Republicans are blaming Democrats for the government shutdown because Democrats are basically filibustering the debt ceiling bill until it includes relief from deportation for the Dreamer people. President Trump kind of started this problem by using executive action to try and deport Dreamer people until legislation can be passed to resolve the issue. I would guess that an easy way out of this impasse, now, is for Trump to delay, or totally scrap, the executive action on deportation. Maybe delay it by a year or even half a year? That should take the pressure off that issue so the government can reopen. Then Congress can continue to try and resolve that issue. He's probably afraid that Congress will be run by Democrats next year.

Friday, January 19, 2018

If federal government were drowned in a bathtub, the west coast blue states might form their own country?

Some conservatives say that they want to shrink government down to where it can be drowned in a bathtub. I got to thinking, if the Federal Government capitulates the the states can form their own countries. Washington, Oregon, California and Nevada are a big cluster of what are called "blue states." That would be a great country. Things like Social Security could be handled by our state, or "left coast" country.

Maybe the US is too big to govern; especially if any one political party totally dominates. I wouldn't want to see USA break apart, but maybe it wouldn't be so bad after all.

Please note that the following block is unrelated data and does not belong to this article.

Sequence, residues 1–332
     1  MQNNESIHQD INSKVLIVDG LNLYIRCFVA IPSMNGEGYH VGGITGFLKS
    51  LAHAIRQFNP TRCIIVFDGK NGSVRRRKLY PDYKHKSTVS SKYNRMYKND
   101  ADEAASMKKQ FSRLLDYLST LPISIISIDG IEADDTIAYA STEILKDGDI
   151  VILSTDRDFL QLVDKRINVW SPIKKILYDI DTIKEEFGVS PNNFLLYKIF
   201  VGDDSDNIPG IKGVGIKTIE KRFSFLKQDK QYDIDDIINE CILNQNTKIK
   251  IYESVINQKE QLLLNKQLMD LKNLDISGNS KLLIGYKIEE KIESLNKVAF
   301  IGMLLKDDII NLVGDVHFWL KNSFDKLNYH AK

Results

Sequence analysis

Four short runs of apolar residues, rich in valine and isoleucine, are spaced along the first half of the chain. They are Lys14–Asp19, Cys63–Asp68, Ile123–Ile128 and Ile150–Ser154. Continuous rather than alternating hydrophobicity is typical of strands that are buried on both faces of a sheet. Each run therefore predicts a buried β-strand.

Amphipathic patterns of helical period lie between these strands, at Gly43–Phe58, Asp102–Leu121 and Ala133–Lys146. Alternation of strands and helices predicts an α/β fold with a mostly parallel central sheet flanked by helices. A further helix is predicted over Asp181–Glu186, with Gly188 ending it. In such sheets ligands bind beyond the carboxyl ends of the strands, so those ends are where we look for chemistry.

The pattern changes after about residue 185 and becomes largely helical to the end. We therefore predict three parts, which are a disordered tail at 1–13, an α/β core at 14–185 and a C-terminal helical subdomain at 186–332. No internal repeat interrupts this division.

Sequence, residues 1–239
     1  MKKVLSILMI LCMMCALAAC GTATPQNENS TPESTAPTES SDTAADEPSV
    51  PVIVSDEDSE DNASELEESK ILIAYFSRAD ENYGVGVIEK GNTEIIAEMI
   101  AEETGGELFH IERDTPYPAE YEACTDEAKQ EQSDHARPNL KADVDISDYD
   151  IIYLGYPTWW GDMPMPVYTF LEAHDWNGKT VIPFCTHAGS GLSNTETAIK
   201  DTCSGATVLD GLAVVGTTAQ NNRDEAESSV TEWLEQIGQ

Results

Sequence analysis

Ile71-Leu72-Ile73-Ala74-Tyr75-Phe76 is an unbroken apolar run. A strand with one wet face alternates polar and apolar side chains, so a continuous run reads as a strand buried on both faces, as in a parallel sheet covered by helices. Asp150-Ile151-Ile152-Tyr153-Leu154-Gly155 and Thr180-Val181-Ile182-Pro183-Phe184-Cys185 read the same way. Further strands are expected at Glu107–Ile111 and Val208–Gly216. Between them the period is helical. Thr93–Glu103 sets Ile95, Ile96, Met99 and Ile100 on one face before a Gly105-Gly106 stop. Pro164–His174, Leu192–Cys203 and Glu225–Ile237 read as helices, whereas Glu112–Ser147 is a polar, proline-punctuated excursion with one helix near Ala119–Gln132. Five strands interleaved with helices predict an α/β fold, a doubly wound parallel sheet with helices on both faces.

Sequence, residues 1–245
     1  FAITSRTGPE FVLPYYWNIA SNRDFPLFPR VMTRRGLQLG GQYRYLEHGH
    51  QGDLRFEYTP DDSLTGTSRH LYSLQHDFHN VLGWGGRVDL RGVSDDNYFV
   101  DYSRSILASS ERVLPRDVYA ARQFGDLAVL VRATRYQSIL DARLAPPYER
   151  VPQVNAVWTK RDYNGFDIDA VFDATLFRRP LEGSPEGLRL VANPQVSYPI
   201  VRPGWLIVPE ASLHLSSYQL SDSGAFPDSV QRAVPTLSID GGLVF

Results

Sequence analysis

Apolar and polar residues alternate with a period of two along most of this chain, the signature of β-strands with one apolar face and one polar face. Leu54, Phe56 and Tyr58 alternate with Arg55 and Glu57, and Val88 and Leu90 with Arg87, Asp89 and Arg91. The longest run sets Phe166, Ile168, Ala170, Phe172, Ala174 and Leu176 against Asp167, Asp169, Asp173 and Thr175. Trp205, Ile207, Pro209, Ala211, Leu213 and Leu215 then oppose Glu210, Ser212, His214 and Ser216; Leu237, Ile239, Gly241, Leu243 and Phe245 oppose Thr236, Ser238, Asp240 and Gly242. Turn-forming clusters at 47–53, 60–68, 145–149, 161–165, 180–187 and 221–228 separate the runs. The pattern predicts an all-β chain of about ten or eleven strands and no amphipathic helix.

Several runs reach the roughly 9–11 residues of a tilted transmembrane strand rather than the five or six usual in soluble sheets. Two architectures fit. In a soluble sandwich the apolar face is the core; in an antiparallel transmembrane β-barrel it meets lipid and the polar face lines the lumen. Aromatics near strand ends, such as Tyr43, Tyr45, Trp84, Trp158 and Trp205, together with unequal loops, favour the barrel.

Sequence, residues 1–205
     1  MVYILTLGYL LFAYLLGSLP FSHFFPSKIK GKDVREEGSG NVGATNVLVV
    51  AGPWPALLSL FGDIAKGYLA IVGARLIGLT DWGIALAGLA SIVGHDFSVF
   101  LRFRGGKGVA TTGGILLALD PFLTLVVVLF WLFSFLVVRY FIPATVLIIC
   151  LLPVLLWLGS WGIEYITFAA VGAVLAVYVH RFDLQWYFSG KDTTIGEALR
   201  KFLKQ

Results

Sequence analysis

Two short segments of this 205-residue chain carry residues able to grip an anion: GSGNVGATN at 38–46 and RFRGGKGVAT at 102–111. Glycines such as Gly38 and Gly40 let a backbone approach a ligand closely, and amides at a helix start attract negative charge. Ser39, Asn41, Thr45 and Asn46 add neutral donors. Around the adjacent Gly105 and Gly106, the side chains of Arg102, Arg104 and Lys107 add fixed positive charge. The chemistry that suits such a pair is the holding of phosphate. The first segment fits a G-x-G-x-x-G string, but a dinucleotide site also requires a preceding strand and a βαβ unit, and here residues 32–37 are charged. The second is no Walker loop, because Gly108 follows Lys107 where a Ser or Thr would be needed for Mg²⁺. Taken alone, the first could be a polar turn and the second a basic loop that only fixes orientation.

As for the red and blue political divide, that situation wouldn't be solved, tho, as there is a lot of red and blue in each region. Rural areas tend to be more red, urban areas, even in Texas, tend to be more blue.

The idea of red blue divide is pretty stark as I know folks who could be classified as red that are basically nice people even though I'd be mostly classified as blue. I tend to not wish to divide people too much. Still, just the size of the country is a factor. Aside from the red blue divide, it could be that smaller countries work better anyway.

Who would pay off the federal debt? Everyone would just walk away from it. Sounds tempting, but I know it wouldn't necessarily be that simple.

Saturday, January 13, 2018

Shithole countries sounds like a comment some people would say after a few beers

This column, by Rex humppke in the Chicago Tribune, lays it on pretty strong. He might not like my first response to Trump's "shitholes" comment either, even though I am not a Trump supporter. My response is that the shitholes comment sounds like something a few people, I know, might say around the water cooler, or after they'd been to the bar for a while. I think there is lots of off the cuff, derogatory talk among people in general, but we aren't used to hearing it from the president of the United States. Ideally, it would be nice to strive toward civility. Authenticity and honest expression of feelings can be a virtue, but there is an awful lot of negativity going around.

T shirt for I ❤️ Shithole Countries. Seen at Bellingham Peace Vigil. Things like T shirts come out fast these days. Focus of my camera isn't the best in low light, in a hurry at least.